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Students SPEAK out for animals


 If a dog is a person’s best friend, then volunteering at an animal shelter must be like making hundreds of best friends. 

SPEAK, an environmental and animal rights club at USF, is coordinating with adoption supervisors at the Hillsborough County Animal Services shelter to host the first in a series of upcoming volunteer outings. During the excursion, students will be able to help rehabilitate and care for abandoned animals. 

The group promoted its partnership with Hillsborough Country Animal Services at its Week of Welcome meet and greet Monday morning. 

Meghan McManus, community organizer of SPEAK and a senior majoring in computer science and music studies, said she hopes even students who aren’t members will join the group on outings to the shelter.

Rekha Luciano, a senior majoring in elementary education and a SPEAK member who volunteers at the shelter, said though volunteering comes with joy, there’s a sense of seriousness and urgency. The Hillsborough shelter has limited space and euthanizes animals if they are unable to find a home. 

According to Hillsborough County Animal Services, the county received more than 1,400 animals last month alone and had to euthanize 178 dogs and 246 cats.

“Volunteering there is so rewarding because it really matters,” she said. “If no one volunteers there, animals will be put to sleep without being given a fair chance at finding a good home.”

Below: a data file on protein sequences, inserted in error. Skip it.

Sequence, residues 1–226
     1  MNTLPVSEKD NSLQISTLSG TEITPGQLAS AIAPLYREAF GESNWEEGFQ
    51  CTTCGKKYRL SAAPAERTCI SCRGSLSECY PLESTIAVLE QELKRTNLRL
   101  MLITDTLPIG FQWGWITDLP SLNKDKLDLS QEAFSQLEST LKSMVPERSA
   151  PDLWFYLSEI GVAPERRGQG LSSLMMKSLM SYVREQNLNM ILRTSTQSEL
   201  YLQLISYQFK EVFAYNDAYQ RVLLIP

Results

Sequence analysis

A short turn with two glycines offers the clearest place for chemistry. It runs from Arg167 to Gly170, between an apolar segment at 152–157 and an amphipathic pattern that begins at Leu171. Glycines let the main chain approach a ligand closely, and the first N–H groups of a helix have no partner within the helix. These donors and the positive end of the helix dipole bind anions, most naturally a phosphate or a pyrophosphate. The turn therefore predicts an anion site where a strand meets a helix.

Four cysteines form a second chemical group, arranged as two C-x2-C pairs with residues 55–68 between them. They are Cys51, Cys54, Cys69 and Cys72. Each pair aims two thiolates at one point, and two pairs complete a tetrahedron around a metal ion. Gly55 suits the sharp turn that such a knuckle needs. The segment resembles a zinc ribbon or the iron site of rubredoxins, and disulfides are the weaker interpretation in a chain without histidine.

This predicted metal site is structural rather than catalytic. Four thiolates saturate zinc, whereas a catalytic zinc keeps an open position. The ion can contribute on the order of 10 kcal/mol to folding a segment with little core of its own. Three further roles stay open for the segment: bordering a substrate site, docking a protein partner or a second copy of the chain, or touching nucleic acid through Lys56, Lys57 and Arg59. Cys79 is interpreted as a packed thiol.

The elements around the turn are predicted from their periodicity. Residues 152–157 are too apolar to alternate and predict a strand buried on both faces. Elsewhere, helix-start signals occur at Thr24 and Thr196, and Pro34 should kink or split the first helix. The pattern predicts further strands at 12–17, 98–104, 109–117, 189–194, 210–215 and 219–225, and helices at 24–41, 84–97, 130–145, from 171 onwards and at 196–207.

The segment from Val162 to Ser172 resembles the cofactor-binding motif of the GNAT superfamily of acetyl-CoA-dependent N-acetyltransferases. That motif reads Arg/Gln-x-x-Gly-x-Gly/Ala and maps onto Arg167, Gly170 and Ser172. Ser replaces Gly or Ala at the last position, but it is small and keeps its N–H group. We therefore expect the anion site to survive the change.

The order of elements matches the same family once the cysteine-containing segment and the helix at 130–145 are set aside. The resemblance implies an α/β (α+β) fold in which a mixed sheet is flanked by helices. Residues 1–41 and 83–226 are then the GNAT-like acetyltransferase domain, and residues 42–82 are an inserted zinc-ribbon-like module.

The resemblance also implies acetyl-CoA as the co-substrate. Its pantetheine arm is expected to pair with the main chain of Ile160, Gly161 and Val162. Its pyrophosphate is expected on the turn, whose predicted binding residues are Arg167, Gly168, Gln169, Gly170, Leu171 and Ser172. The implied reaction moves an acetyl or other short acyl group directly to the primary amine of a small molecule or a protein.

She said it is a rewarding experience for any student willing to put in the time, and volunteers at the shelter can walk, socialize, train and groom dogs. Volunteers can also take photographs of the animals to reach potential adopters through social media.

“Dogs get excited just to see people at the kennel,” she said. “You feel 200 smiling animal faces wanting attention, or a treat, or just to be played with. It’s a heartwarming feeling.”

Luciano’s job is to host “meet and greets” between potential adopters and individual animals. She said it is “amazing” to watch her animals leave the shelter to go to a new home.

“Just to know that a dog has a bright and better future with an excellent family is awesome,” she said. “I’ve broken down in tears of happiness seeing a dog I’ve grown close to playing with them every day.”

Volunteers often increase the odds of animals being adopted by showing love to animals, many of whom were abused. Luciano said potential adopters seeing volunteers with dogs that are happy and playing can often make the difference in their decision. 

“These animals are solely dependent on what we can do for them,” she said. “And our commitment to find them homes.”

McManus said SPEAK will schedule the first volunteer outing in September and plans on creating more volunteer opportunities, such as a beach cleanup, throughout the year.